Institutional vs. Central Repositories Stevan Harnad 25 Nov 2009 17:29 UTC

On Wed, 25 Nov 2009, Armbruster, Chris wrote:

> Much hope and a lot of money has been invested in institutional
> repositories - but, for example, in the UK the significant mandates are
> now research funder mandates and all the life science RCUKs have joined
> UK PMC. It would thus seem important and urgent that IRs reconsider
> their strategy and take a closer look at the idea of being a research
> repository or joining forces for building a national (or regional) system.

(-2) It is not at all clear that the "significant mandates" are the funder
mandates, especially in view of the past year's burst in institutional
mandates (UCL, Harvard, MIT, Stanford...):

(-1) The ones who need to reconsider their strategy are the (few) research
funders who have needlessly and counterproductively stipulated that
locus of deposit should be central rather than institutional.

(1) Institutions are the universal providers of all research output --
funded and unfunded, across all subjects, all institutions, and all

(2) Institutions have a vested interest in hosting, monitoring,
showcasing and archiving their own research output.

(3) OAI-compliant Repositories are all interoperable.

(4) Either funders or institutions can in principle stipulate any locus
of deposit for a mandate, either institutional or central.

(5) But mandates are still growing too slowly, and one big reason is
that *no one wants to do -- or mandate -- multiple deposit*.

(6) There are potentially multiple, diverse and divergent central loci for
any piece of research output: subject collections, national collections,
funder collections, multidisciplinary collections, etc.

(7) The metadata and/or full-text deposits of any OAI-compliant repository
can be harvested, exported or imported to any OAI-compliant repository.

(8) The natural, economical, rational and systematic solution
(one-to-many, unitary-local --> multiple-distal) is for all researchers to
deposit *locally*, in their own institional repository -- and for distal
central collections to harvest, import or export -- not the reverse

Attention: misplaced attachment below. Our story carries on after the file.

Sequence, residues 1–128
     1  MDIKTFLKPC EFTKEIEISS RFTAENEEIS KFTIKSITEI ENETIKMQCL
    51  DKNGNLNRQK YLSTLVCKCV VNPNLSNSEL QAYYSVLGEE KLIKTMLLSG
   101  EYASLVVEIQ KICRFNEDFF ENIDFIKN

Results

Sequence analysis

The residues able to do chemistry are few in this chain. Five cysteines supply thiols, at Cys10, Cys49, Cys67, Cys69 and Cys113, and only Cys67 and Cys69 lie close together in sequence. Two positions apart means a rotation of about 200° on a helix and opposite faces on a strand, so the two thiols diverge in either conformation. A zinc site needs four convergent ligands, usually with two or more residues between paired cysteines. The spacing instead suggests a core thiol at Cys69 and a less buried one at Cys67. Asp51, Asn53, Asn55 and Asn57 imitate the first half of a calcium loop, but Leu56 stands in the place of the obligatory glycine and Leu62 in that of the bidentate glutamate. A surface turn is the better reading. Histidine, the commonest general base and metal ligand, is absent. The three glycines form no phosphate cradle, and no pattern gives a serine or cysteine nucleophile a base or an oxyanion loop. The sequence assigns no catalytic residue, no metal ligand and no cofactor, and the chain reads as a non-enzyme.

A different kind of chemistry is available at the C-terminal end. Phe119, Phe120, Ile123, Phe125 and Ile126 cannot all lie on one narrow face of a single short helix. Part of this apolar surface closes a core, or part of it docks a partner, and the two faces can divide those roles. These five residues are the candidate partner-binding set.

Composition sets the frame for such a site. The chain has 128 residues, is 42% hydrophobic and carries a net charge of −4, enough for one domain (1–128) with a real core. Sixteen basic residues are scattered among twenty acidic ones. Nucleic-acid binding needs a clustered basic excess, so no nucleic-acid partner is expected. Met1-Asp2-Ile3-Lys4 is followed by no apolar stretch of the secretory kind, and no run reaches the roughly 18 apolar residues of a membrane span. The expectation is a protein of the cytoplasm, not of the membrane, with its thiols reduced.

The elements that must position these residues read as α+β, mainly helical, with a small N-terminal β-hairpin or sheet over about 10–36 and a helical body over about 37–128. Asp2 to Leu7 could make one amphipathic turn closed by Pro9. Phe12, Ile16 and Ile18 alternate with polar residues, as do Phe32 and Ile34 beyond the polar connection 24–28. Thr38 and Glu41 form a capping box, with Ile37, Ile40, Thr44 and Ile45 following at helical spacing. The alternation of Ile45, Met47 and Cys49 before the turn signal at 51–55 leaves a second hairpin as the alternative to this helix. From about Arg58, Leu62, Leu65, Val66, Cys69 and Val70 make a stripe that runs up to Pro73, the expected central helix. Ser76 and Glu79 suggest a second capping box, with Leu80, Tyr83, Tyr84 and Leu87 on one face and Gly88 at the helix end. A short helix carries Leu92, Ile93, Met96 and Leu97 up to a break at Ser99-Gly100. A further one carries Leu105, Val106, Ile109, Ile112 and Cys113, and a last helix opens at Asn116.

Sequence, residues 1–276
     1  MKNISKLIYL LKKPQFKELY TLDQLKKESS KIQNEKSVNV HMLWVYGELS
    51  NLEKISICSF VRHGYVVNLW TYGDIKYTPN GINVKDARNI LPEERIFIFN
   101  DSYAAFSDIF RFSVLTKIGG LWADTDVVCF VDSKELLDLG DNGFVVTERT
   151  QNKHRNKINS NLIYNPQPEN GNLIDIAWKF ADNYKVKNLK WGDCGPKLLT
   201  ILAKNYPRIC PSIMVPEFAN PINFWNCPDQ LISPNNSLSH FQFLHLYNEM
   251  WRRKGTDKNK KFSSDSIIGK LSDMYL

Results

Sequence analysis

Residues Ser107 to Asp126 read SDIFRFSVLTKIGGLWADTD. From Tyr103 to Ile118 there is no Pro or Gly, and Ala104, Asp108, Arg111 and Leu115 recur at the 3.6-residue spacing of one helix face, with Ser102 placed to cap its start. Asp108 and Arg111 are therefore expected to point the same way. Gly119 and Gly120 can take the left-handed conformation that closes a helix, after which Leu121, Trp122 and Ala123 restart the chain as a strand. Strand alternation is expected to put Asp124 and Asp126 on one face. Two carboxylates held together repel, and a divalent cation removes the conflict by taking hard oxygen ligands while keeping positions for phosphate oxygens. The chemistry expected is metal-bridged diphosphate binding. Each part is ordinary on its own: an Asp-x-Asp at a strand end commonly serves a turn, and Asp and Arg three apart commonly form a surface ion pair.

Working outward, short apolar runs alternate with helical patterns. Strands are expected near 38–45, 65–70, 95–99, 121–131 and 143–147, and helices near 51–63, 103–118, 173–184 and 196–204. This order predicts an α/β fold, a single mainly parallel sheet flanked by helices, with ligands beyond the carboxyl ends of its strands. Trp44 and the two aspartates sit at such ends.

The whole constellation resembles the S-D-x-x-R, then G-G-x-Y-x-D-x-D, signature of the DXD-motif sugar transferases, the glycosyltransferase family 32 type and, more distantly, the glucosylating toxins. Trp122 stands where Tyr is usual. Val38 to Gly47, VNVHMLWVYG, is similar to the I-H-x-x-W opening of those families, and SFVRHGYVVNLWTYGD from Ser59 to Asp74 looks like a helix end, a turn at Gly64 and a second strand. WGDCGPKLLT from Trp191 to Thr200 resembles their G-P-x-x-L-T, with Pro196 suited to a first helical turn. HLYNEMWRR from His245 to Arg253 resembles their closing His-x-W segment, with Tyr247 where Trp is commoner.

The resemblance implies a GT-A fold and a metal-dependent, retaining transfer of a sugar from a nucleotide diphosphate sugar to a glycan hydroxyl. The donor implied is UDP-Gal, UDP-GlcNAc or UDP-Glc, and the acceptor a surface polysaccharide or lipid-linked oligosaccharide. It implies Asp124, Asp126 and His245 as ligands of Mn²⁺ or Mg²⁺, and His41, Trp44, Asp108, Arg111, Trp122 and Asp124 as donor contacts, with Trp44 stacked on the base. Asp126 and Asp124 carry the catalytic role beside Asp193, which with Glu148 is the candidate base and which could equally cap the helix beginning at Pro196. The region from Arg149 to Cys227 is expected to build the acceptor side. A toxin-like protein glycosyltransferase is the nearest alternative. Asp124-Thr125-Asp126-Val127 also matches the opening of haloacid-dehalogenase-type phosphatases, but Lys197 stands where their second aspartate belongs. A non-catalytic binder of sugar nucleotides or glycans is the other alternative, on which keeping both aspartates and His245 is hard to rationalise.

(many-to-one, distal to local, willy-nilly, back-harvesting one's own
output from here, there and everywhere!), or both, or neither.

(9) The only thing that stands in the way of that optimal solution --
whereby institutional and funder mandates can collaborate, converge,
and mutually reinforce one another instead of diverging and competing --
is the arbitrary and ill-thought-through requirement by some funders
(but by no means all) to deposit centrally instead of institutionally.

(10) This obstacle is neither a functional one (it has nothing
*whatsoever* to do with the relative functionality of institutional
and central repositories -- they are interoperable and equipotent in
every respect) nor a "cultural" one (since self-archiving culture is
still very new and all too rare): the problem is simply the needless
adoption of arbitrary and ill-thought-out locus-of-deposit requirements
by some of the initial funders.

(11) The solution is to fix the funder locus-of-deposit specs, not to
switch to central locus of deposit.

(12) Prediction: The notion of a "central repository" -- new as it is --
is already obsolescent: Is Google a "central repository" or merely a
harvester of local content?

Stevan Harnad

> Armbruster, Chris and Romary, Laurent, Comparing Repository Types: Challenges
> and Barriers for Subject-Based Repositories, Research Repositories, National
> Repository Systems and Institutional Repositories in Serving Scholarly
> Communication (November 23, 2009). Available at SSRN:
> Regards, Chris
> -----Ursprüngliche Nachricht-----
> Von: American Scientist Open Access Forum im Auftrag von Leslie Carr
> Gesendet: Di 11/24/2009 18:11
> Betreff:      Re: Comparing repositories - subject-based, institutional,
> research and national repository systems
> On 23 Nov 2009, at 17:22, Armbruster, Chris wrote:
>> After two decades of repository development, some conclusions may be drawn
>> as to which type of repository and what kind of service best supports
>> digital scholarly communication, and thus the production of new knowledge.
> I think "two decades" is a bit misleading: although what we think of as the
> big subject-based repositories may predate the Web itself it's only just 10
> years since the conception of OAI-PMH and (just) less than 8 years since the
> Budapest Open Access Initiative. Even the notion of an Institutional
> Repository is still relatively young - and when did we start calling them
> "repositories" rather than "archives"? I'm sure that the archives of this
> list will have the answer!
> --
> Les Carr